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Spartronics

Spartonics

Update on our robot ARES: What happened at Glacier Peak, what we’ve done for Mt. Vernon

By Kolin Hawkins | Drive Team Coach

The Glacier Peak District Event, as our Mentor Dana Batali so aptly described, was an epic saga of medieval proportions for SpartronicsGallery_8Spartronics 4915. We wanted to provide a full account to anyone who was there experiencing these unusual circumstances with us, or those of you watching at home or video recordings. Our goal here is to do two things: First, to provide transparency about what happened and, to the best of our collective knowledge, why it happened, and Second, what we have done to fix our robot ARES.

The good news is we are confident that we have addressed the critical issues that impacted our ability to perform consistently as well as the issues that ultimately caused our Spartronics robot to miss a match. This was a first in our team’s three-year history, which is remarkable considering we went all the way to Worlds these first two years.

Here is a full recap of the events at Glacier Peak, and at the end, details on what we did during our six hours of un-bag time this week.

What went wrong at Glacier Peak:

1. Our wiring was not robust enough for the impacts due to our rigid chassis, resulting in loss of radio connection. We have addressed by better wiring techniques and suspension elements.

 

2. The breaker switch mounting did not take into account extreme flexing of the robot frame and shielding, and resulted in unexpected power-down. During the competition, we drilled holes in the shielding, and later we move the switch to a safer position.

 

3. Networking configuration of our components resulted in some issues with getting updated software on the robot, and may have contributed to problems on the field. We addressed by taking the advice of an FTA at the event, configuring all of our on-board devices with static IP addresses to eliminate potential issues with DHCP and mDNS.

 

4. Software errors resulted in some autonomous failures, hampered driver operation, and reduced the capabilities of our launcher. These problems didn’t surface earlier due to limited testing of our software before the event, which was a result of being more aggressive than usual with our mechanical design, leaving too little time for extensive testing. During the course of the Glacier Peak event, many changes were made to the code, and we made every effort to test on the practice field before competing, although there were still a few errors that made their way through to competition. We spent two hours of our un-bag time working on software issues and cleaning up our code.

 

5. We encountered what other teams encounter during competition: All the other little things that happen to a robot in battle: adjusting limit switches, tightening bolts, etc., which on top of the issue above, added to our challenges. We recognized that we need to make our systems more robust, and do more testing, in order to spend pit time doing these normal maintenance tasks, and not count on the time for design changes.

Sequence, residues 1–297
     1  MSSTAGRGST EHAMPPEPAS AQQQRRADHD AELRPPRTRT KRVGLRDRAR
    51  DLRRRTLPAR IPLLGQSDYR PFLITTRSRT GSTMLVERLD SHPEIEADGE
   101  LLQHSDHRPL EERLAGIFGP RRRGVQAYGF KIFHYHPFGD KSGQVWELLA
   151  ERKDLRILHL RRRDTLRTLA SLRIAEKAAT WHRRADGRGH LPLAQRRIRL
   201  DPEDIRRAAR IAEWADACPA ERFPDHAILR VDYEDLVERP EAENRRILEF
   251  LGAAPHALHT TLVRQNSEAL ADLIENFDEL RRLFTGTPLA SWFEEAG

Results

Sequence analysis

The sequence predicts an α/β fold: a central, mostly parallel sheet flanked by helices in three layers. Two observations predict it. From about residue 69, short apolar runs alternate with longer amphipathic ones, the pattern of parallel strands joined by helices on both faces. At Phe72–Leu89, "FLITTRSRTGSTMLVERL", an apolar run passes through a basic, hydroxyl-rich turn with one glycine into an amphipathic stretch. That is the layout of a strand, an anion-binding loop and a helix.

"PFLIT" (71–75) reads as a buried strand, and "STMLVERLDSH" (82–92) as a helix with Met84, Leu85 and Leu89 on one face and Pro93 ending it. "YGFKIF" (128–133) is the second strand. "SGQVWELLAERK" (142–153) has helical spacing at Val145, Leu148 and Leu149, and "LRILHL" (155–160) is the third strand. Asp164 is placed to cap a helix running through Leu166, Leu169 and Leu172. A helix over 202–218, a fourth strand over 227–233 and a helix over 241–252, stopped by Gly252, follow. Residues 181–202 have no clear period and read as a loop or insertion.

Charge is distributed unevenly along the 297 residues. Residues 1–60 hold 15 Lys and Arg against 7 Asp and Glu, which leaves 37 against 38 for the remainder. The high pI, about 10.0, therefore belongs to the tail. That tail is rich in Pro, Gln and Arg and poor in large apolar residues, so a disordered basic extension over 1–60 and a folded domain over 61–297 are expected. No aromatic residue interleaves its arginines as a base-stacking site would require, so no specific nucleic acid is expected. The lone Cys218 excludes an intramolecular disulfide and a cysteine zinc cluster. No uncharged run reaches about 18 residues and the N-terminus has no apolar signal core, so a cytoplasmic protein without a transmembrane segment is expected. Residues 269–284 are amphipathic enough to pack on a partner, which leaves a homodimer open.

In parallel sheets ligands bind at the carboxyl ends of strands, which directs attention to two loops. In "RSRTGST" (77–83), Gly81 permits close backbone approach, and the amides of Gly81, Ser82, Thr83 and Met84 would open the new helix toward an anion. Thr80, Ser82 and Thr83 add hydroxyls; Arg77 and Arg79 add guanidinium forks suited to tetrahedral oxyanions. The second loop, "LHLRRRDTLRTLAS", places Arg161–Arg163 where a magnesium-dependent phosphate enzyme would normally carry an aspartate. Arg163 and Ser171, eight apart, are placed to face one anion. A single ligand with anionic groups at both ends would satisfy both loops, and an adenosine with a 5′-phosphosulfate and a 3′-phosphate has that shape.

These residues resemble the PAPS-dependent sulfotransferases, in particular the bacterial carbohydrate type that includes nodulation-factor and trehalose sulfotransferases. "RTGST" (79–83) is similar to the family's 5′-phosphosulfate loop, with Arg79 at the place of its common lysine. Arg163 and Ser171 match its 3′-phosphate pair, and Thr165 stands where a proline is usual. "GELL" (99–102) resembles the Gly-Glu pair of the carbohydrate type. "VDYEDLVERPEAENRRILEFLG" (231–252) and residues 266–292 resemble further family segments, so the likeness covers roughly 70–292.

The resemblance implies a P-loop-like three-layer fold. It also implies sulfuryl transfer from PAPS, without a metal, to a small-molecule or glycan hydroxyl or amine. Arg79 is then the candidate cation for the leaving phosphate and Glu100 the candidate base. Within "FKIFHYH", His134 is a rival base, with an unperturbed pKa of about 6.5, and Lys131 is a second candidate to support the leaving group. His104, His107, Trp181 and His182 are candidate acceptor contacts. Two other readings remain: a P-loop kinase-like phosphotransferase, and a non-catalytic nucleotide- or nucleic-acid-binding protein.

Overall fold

What we have done:

  • We have relocated our electronics from being in a vertical position inside the robot to a horizontal layout, which improves significantly better access for maintenance and repair.
  • We located our breaker to move it away from the polycarbonate top, which was accidentally turning off the robot when a large shock caused the polycarbonate to flex and press the breaker button.
  • We added wire ferrules to critical connections between the radio and the VRM so that power loss to the radio will be avoided. Previously, critical wires were getting disconnected.
  • We added a suspension system to the robot to cushion its landing after it crosses defenses.
  • Our turn button on the joystick was fixed, which allows us to more accurately turn the robot.
  • We added code that allows us to spin the flywheels at a better speed to more effectively shoot low goals. Previously, the intake speed and the shoot speed where the same and the low goal often bounced out.

What has changed:

  • We will not be shooting high goals at Mount Vernon, as we made adjustments to the pivot point on our intake, which will give us more stability and allow us to better control scoring low goals.
  • We added a Portcullis lifter/Cheval de Frise manipulator, which we have not tested in a match, but are hopeful will help us assist with breeching these defenses.

We are excited about Mount Vernon this weekend and are ready to answer any questions other teams may have.